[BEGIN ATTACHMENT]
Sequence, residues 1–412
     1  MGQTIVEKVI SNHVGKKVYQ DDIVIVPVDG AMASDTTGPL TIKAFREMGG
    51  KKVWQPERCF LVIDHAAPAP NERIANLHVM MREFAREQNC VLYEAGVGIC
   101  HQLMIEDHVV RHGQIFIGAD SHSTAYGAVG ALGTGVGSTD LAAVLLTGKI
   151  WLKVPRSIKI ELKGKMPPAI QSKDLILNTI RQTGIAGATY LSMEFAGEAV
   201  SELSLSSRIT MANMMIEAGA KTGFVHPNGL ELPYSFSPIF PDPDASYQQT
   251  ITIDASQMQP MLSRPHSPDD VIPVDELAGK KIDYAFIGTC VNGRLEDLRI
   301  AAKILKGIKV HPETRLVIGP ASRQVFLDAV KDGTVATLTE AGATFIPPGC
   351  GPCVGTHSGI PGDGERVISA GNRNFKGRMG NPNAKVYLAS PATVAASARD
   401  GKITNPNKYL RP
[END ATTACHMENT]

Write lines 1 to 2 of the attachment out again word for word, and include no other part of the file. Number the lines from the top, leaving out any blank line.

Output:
Sequence, residues 1–412
     1  MGQTIVEKVI SNHVGKKVYQ DDIVIVPVDG AMASDTTGPL TIKAFREMGG